Ocean Cleanup partnering with MHE-Demag to tackle the world’s 1,000 most polluting rivers
Konecranes and The Ocean Cleanup, a Dutch non-profit developing technologies to rid the oceans of plastic, have picked MHE-Demag as the chosen partner to design, manufacture, and service The Ocean Cleanup's interceptor which extracts plastic from rivers before entering the ocean. This is an important step as the non-profit organization prepares to tackle the world's 1,000 most polluting rivers.
Deploying interceptors on a large scale is necessary to rapidly address the urgent problem of ocean plastic pollution. Laying the groundwork for global scaleup, interceptors 005 and 006 are currently being manufactured simultaneously at MHE-Demag's facility in Klang, Malaysia, and are expected to be completed in May 2021. Moving forward, MHE-Demag will handle interceptor manufacturing, installation, and maintenance; local partners will oversee operations, and The Ocean Cleanup will continue to act as the technology and best practices provider as well as lead business development for upcoming interceptor projects.
Founder and CEO of The Ocean Cleanup, Boyan Slat, remarked on this new partnership by saying, "At the end of a very challenging year, I am happy to see series production begin for the interceptor. This is a necessary step for us to tackle the global flow of plastic pollution to our oceans at scale. I believe Konecranes is well-suited for the job and I look forward to seeing them build many more Interceptors in the coming years. I am thankful for their commitment to clean oceans."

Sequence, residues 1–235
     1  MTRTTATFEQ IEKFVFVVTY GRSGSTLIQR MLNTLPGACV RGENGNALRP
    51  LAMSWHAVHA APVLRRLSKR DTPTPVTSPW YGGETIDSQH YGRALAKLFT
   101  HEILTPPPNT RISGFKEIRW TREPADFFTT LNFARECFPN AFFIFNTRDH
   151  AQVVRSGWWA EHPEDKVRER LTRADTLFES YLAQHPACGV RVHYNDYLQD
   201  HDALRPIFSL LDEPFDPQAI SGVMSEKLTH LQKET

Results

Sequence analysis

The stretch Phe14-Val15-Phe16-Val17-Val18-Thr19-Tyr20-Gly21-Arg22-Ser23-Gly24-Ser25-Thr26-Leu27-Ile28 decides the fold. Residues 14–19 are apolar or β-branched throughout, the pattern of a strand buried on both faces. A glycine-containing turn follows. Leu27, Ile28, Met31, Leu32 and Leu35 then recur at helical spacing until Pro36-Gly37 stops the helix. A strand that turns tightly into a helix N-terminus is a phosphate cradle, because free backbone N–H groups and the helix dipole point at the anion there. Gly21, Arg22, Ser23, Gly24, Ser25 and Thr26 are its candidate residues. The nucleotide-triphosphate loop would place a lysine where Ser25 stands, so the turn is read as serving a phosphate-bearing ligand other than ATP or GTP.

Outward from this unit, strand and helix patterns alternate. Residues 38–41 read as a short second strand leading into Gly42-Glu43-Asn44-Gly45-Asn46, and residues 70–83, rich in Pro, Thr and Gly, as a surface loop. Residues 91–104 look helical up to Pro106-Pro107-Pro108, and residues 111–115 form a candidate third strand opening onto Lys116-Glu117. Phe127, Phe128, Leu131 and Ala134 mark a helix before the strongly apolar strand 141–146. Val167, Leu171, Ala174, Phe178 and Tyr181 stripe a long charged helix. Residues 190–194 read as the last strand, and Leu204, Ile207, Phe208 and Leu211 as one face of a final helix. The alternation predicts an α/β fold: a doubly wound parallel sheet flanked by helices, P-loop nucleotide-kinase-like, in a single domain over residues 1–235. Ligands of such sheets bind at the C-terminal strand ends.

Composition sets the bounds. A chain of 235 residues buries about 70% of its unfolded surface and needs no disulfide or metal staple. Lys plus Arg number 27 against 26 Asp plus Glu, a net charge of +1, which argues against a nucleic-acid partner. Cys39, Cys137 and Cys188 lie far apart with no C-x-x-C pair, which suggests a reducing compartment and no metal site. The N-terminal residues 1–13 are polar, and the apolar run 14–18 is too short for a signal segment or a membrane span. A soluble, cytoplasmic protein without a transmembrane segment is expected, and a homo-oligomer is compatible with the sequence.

The Ocean Cleanup's interceptor was unveiled in late 2019 and there are currently three deployed in Klang, Malaysia; Jakarta, Indonesia; and Santo Domingo, Dominican Republic. A fourth interceptor in Vietnam has been delayed for deployment and is expected to be launched early in 2021. Over the last year and a half, The Ocean Cleanup has used the insights from these pilot systems to understand and further develop the technology for more efficient mass production. These upgrades include changes to the conveyor, shuttle, dumpsters, and barge. Working together with MHE-Demag, these changes have been incorporated into the 3rd generation design, which is the blueprint for the interceptors being manufactured in 2020 and 2021.
On January 1st, 2021, the Basel Convention's plastics waste amendments became effective in Canada. The amendments focus on the international movement of plastic wastes that may have limited recycling options or be more difficult to recycle. This change will likely be felt all along the supply chain, including collectors, processors, and exporters. If you export plastic waste for recycling or final disposal, or if you are an exporter of other scrap materials, including plastic, paper, or e-waste, you may be subject to Canada's Regulations, and a valid export or transit permit may be required.